My friend Sunny has been complaining about the rain in Oregon quite a bit lately. Her name is Sunny so I will try not to let her complaining drive me into Seasonal Affective Disorder. She reminded me of a great story I want to share with you (and Sunny)...
Several years ago I was on a weekend vacation in the middle of January with my mom and her dear friend Martha. We were sitting at a restaurant at a resort in northern Idaho having drinks, looking out over the lake, when Martha said, "I'm going to get into the lake." My mom (who plays the mom role to a tee) said, "What!?!" in a hysterical tone. The lake was surrounded by snow and it was about 30 degrees outside and a pitch black night.
Martha said, "I'm tired of being cold, so I'm going to embrace the cold. I'm going to take off all my clothes and get in the lake and FEEL the cold." My mom did not panic (surprisingly) but insisted that she pull the car up as close as she could to the lake and run the engine to keep the car warm so Martha could de-thaw after she came out of the lake.
We finished our drinks and got everything ready. Martha stood at the edge of the lake, striped off all of her clothes, and slowly walked into the water. She got far enough in so she could submerge her entire body which caused her to yell out in surprise and then she came hauling back to the beach to get a towel and into the car. She was exhilarated. She had liberated herself from worrying about being cold. She was cold. She immersed herself in it. Temporarily of course.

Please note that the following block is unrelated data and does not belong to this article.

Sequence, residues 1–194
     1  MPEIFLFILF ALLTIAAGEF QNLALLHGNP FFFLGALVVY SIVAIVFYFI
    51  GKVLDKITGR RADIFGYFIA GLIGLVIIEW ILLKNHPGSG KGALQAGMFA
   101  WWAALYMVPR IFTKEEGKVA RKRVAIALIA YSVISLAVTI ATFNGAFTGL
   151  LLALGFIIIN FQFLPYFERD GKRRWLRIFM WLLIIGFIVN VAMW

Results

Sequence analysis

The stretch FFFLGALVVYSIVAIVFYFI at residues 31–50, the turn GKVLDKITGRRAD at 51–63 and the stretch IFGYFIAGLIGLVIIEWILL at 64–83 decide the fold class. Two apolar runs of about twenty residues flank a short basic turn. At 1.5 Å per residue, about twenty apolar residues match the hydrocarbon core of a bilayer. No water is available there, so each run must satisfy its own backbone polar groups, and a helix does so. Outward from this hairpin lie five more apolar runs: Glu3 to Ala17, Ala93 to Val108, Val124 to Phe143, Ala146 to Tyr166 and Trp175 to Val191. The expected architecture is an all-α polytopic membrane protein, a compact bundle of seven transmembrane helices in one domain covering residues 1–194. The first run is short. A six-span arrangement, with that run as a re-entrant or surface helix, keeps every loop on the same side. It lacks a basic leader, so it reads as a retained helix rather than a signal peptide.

Personally, I thought she was a little crazy, but it was incredibly neat to see a woman in her 50s take off her clothes and jump in a freezing lake. Fast forward a few years later...
I'm back in northern Idaho, hanging out with friends from Corvallis (long story I will tell some other time) standing on the shore of the same lake thinking about Martha and what she had done that day. It was January again, and we were huddled around a bonfire on the snow covered beach, two sheets to the wind and having a great time. It was beautiful, and there were a million stars in the sky. One of my friends said, "That's it, I'm going in." And I said, "Me too!"
You should know that I hate to be cold and I had never skinny dipped in my life but I took off all of my clothes and walked into the dark, freezing cold water and immersed my body until all of the breath left my lungs and I felt like I was going to die. I yelled out just like Martha had that evening and I ran back to the beach to grab my clothes which were somehow not where I left them and in the hands of one of my friends who apparently wanted an extra long peek of my behind. Jerk.
Whatever, it is still one of my fondest memories, doing something completely out of my comfort zone that seems insane but is really harmless and ultimately, life affirming and exhilarating. It makes me smile now to think back about that night and what it felt like and I would love to do it again! Of course, it really does figure that the one time I try public nudity that someone took my clothes but only a few people saw my behind. I lived!
So my message to you, my dear friend Sunny, and to anyone still reading: embrace that which is holding you back and getting you down. Who cares if you get wet? You really won't freeze. Get cold and get wet and keep living your life, it's a beautiful one! Then come over and I'll make you hot chocolate with whipped cream and it will all be good.